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July 25, 1997updated 05 Sep 2016 1:07pm


By CBR Staff Writer

Whatever happened to Informix Software Inc’s three tier client/server development environment, NewEra? Built on top of an object-oriented database from Versant Object Technology Corp, it was originally set to be launched in early 1995, was held back until last summer, and has limped along somehow all the way to a third version without really finding a settled place in Informix’s plans. In his opening keynote at the company’s sixth annual international user group meet in San Francisco this week, for example, former chief operating officer and now simply chairman Phil White failed to mention the thing at all, when it had played a major part in preceding conference openers in 1994 and 1995, and at least got nodded at in 1996. Instead White talked up Data Director, recently bought in technology from its acquisition CenterView Software Inc (CI No 3,130) that allows Visual Basic or Java programmers to access the company’s Universal Server database, which itself requires Datablades rather than NewEra applications to access it.

A little confusing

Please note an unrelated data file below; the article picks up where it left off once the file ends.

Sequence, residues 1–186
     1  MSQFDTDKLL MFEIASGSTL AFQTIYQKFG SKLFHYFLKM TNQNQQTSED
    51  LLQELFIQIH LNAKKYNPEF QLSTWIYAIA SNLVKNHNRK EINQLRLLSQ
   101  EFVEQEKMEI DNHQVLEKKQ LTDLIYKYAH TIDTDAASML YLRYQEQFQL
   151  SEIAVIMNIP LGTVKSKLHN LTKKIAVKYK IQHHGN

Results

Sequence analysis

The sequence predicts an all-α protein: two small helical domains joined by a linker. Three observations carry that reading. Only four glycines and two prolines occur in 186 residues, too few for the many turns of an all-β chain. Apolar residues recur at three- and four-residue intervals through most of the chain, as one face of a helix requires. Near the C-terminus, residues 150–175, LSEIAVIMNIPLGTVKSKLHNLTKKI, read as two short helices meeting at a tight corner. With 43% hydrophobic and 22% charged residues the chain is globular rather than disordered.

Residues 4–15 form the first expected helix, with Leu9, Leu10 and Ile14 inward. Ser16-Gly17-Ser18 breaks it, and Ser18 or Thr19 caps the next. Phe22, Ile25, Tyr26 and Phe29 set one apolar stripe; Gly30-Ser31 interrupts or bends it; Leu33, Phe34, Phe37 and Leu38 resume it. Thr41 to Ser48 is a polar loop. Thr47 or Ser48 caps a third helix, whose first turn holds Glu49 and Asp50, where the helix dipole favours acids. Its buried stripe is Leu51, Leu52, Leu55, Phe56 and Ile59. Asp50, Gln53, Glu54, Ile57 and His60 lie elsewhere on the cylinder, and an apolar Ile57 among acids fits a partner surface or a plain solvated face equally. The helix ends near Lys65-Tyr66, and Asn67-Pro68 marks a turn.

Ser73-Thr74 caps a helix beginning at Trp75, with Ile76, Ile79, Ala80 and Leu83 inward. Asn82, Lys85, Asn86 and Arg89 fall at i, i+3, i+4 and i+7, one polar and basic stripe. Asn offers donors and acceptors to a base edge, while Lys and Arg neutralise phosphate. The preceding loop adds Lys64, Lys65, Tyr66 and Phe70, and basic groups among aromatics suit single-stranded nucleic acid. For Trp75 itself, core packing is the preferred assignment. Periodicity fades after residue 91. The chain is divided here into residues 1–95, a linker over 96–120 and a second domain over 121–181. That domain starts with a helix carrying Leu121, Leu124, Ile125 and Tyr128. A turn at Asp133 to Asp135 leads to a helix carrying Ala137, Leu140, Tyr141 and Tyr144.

Given that the company spent a lot of money developing NewEra – an upgrade to its existing (and still used) green screen language, Informix 4GL – and has been trying to sell the thing since 1995, this seems a little confusing. Rumors abound that the company is seeking to off-load the product and be shot of it altogether. What is going on? Turns out NewEra is still there, but the market has removed its point. If we were going to sell NewEra we would have done it a long time ago, says White. It’s still there, it’s still in the lab, people use it, but no-one’s buying any more. He argues that companies are no longer prepared to buy high-end tools for $500 upward per seat, and that in today’s world Visual Basic and Java are where the action is. Microsoft just made a statement that there are three million VB users out there; we think we might as well get on that bandwagon. Whether Informix will simply continue to de-emphasize NewEra or actively divest it, in its own way this attempt under White’s watch to charge a hill – for, in its day, NewEra was positioned by White as a fully OO Forte Software Inc class tool – is another failure due to excessive ambition. Once again Informix chose to stress boutique technology (Universal Server, NewEra) over its more humdrum but more accepted staples (Informix On- Line, Informix-4GL).

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